Navan Carpet Factory on the Kells Rd. (Photo courtesy Bernard McCluskey)
The carpet factory was established at Navan in 1938 and was the oldest maker of machine made carpets in the Republic of Ireland. At first the factory was known as Templeton Carpets.
At this time the factory was owned by the McClean family from Scotland, who were related to the Mountcharles family of Slane Castle. The first Managing Director was Captain Newsom who was married to Lady Mountcharles.
The site for the facory was chosen because of its close proximity to the R. Blackwater. It was thought that a dye house would have to be built close to the factory, requiring thousands of gallons of water every day for washing, scouring and dyeing the wool. As it turned out, all the wool for the Navan factory came from the central dyeing/spinning plant at Youghal Co. Cork.
Originally the M.D. selected English and Scottish key personnel because of their experience in carpet manufacture. They quickly passed on their skill and knowledge to the 35 or so local people who started work in the factory.
(above) Spool Setters Pat Wall and Bob Dier c. 1964
In the late 1950s Capt. Newsom resigned. The new M.D. could see the possibility of extra production and sales, and in the 1960s he organised a 3 shift rota which meant that the looms were working 24 hours a day, and extra staff could be recruited.
(above) Navan Carpets Staff c. 1960s (photo thanks to Sylvia Murray)
Front row (l-r): Sheila Brady Tommy Fitzsimons, (who worked the night shift 10pm-6am) Carmel Hosey.
2nd row (l-r): Johnny 'Moshe' Murray, Fred Reilly, Jimmy 'Tank' Clarke, Nanny Connor, Johnny Clarke, Peter Spiers.
Back Row (l-r): Johnny Murtagh, Mickey Finlay, Betty O' Brien, Nancy Brady and Peggy McGrane.
Note the wool on the spools for the looms in the background.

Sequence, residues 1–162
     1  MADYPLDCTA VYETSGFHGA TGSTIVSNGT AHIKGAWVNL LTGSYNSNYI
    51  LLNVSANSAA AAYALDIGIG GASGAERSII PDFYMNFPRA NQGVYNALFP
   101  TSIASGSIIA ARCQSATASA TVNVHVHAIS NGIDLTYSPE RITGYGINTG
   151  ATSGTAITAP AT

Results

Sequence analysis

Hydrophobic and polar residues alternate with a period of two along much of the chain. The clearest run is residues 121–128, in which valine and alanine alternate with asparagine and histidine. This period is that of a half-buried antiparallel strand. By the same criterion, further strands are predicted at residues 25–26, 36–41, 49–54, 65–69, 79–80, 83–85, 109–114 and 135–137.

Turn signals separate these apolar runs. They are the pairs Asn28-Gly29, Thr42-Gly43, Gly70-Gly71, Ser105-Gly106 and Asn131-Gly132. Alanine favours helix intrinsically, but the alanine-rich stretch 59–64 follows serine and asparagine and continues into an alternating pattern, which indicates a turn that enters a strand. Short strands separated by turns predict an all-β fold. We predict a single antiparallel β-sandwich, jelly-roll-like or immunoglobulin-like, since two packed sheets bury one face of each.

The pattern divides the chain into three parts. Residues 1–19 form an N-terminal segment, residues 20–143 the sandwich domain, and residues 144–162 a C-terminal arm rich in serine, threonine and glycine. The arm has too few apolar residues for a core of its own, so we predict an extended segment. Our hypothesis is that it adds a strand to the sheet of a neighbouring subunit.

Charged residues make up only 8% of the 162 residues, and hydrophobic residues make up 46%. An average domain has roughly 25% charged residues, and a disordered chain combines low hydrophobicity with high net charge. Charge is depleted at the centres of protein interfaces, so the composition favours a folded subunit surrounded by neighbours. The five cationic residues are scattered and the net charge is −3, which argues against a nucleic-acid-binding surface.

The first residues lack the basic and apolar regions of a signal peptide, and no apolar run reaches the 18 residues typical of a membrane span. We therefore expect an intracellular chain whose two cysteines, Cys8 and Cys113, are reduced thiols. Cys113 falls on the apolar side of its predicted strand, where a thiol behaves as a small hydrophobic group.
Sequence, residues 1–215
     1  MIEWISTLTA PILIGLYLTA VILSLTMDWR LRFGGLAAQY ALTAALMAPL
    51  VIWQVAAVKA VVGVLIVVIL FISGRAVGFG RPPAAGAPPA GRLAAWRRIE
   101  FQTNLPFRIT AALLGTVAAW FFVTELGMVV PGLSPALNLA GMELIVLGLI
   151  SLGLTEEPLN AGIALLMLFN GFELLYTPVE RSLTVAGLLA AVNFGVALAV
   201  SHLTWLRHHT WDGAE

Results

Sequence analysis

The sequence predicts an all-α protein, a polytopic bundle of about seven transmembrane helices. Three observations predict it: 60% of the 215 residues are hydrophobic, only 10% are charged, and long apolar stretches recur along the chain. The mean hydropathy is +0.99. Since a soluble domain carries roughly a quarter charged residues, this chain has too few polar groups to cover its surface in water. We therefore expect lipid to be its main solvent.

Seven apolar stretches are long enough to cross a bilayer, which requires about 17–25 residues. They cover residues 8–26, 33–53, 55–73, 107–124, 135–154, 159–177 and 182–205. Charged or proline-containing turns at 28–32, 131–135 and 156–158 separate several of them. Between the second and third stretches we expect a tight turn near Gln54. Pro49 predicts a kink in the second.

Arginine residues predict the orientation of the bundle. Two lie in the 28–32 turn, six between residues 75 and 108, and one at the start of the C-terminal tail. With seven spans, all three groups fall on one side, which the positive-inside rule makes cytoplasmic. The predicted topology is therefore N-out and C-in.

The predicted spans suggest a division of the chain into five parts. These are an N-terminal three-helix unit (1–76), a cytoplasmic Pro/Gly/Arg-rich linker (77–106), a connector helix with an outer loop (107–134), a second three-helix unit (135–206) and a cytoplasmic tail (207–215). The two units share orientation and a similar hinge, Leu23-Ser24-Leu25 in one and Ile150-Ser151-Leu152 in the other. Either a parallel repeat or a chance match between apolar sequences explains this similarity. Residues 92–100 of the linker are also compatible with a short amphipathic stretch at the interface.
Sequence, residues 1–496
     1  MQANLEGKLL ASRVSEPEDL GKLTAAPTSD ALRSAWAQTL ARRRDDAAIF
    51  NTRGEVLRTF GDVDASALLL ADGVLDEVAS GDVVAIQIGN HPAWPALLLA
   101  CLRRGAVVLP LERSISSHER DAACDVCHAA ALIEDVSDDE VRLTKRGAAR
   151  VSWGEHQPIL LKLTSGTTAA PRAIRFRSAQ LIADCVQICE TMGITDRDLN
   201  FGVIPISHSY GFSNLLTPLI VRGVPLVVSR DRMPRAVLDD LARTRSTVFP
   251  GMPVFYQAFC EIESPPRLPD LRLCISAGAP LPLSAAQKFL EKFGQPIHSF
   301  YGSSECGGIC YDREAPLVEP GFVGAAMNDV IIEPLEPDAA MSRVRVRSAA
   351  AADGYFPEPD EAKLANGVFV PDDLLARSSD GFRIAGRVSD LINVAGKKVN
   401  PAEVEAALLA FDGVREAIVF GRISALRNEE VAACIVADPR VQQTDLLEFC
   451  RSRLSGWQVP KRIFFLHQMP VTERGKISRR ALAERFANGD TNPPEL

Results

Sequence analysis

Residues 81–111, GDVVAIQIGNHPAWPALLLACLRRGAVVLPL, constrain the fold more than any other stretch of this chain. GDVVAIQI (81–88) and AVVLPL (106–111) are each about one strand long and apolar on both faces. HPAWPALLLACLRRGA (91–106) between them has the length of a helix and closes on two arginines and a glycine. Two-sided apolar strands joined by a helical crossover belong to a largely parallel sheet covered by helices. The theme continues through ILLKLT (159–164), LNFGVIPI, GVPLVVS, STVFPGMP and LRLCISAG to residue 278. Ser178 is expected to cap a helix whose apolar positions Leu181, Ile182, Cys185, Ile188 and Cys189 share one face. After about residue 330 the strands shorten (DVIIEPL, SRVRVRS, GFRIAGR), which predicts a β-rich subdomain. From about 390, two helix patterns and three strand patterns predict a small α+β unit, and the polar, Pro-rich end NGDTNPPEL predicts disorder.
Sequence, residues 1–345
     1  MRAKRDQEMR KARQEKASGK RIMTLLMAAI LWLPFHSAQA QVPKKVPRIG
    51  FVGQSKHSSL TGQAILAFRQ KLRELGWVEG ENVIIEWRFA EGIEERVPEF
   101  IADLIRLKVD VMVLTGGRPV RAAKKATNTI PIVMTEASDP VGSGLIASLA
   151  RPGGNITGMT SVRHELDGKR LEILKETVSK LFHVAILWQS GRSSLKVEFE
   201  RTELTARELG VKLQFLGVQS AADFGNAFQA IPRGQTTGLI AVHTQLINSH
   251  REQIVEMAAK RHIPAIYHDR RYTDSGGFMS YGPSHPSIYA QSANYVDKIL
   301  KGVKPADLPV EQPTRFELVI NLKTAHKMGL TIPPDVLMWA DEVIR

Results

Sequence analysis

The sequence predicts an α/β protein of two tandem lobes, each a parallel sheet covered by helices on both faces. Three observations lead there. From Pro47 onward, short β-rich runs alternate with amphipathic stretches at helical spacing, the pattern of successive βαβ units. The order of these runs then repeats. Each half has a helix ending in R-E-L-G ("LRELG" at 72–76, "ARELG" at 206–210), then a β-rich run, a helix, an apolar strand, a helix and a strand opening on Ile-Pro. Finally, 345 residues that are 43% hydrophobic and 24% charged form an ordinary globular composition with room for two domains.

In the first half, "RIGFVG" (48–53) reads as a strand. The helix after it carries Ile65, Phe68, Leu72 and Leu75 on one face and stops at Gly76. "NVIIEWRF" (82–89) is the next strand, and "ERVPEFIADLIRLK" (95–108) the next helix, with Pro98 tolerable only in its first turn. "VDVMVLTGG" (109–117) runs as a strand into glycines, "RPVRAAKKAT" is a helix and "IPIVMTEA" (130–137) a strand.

(above) Navan Carpets' Staff 1960s (photo thanks to Sylvia Murray)
Front row (l-r) Maggie Rogers, George Webster, Capt. Newsome, Agnes Hope and Davy Hope.
Middle row( l-r:) Jimmy 'Tank' Clarke, Nanny Farrelly, Betty O'Brien (née O'Connor) Nancy Martin, Peggy McGrane and Nancy Brady.
Back row (l-r) Bill Moran, Freddie Reilly, Johnny Murtagh, Johnny Clarke, Mickey Finlay and Peter Spiers.
In 1972, Youghal Carpets bought out Navan Carpets, and in 1987 the entire operation was bought out by Coats Viyella. The American American and European markets were developed at this time. In its heyday Navan Carpets employed 550 people , making it the largest employer in the town.
(above) Navan Carpet in the
Old Darnley Athboy
(left ) An ad for Navan Carpets in the programme for the opening of the Navan Rugby Club Pavillion in 1969.
At first, production was concentrated on Chenille carpets (these were carpets which were positioned in the centre of the floor with a painted border around the edge).
Later a quantity of Narrow Spool Looms were introduced which were capable of weaving carpets with a large number of colours, giving Navan Carpets the reputation of producing carpets of top quality in design and colour, filling contrats for global corporations like the Ritz Carlton, the Beverly Hills Hilton and the Waldorf Astoria NY.
Spool Loom Dept. c. 1964
(l-R) Betty Carolan, Nancy Plunkett (née Leddy) and Betty Connell
There are 3 materials used in the making of carpets - Wool, Jute and Polypropylene.
Wool - bought in from Australia, New Zealand and S.Africa and blended with Irish wool. At the dyeing/spinning plant the wool is blended with nylon, giving it harder wearing properties.
Jute is used for backing. The plant is grown extensively in Tanzania, India and Bangladesh.The fibres are dried and sent to a factory in Scotland where they are processed into jute backing.
Polypropylene - this a product of the petro chemical industry, and is a man made fibre which was processed in Irish Ropes in Newbridge. Polypropylene, replaced the old cotton yarn, as it doesn't rot when wet, (say from a leaking radiator).
(above) The rich colours of a Navan Carpet coming off the loom.
(above) Demolition of Navan Carpet Factory Photo B. McCluskey
Due to the collapse of the market for carpets, a liquidator was called in and the Navan Carpet factory closed early in 2003.
The factory was demolished and has been replaced by the Blackwater Retail Park.
The annual loss to the local economy was estimated to be in the region of €6 million.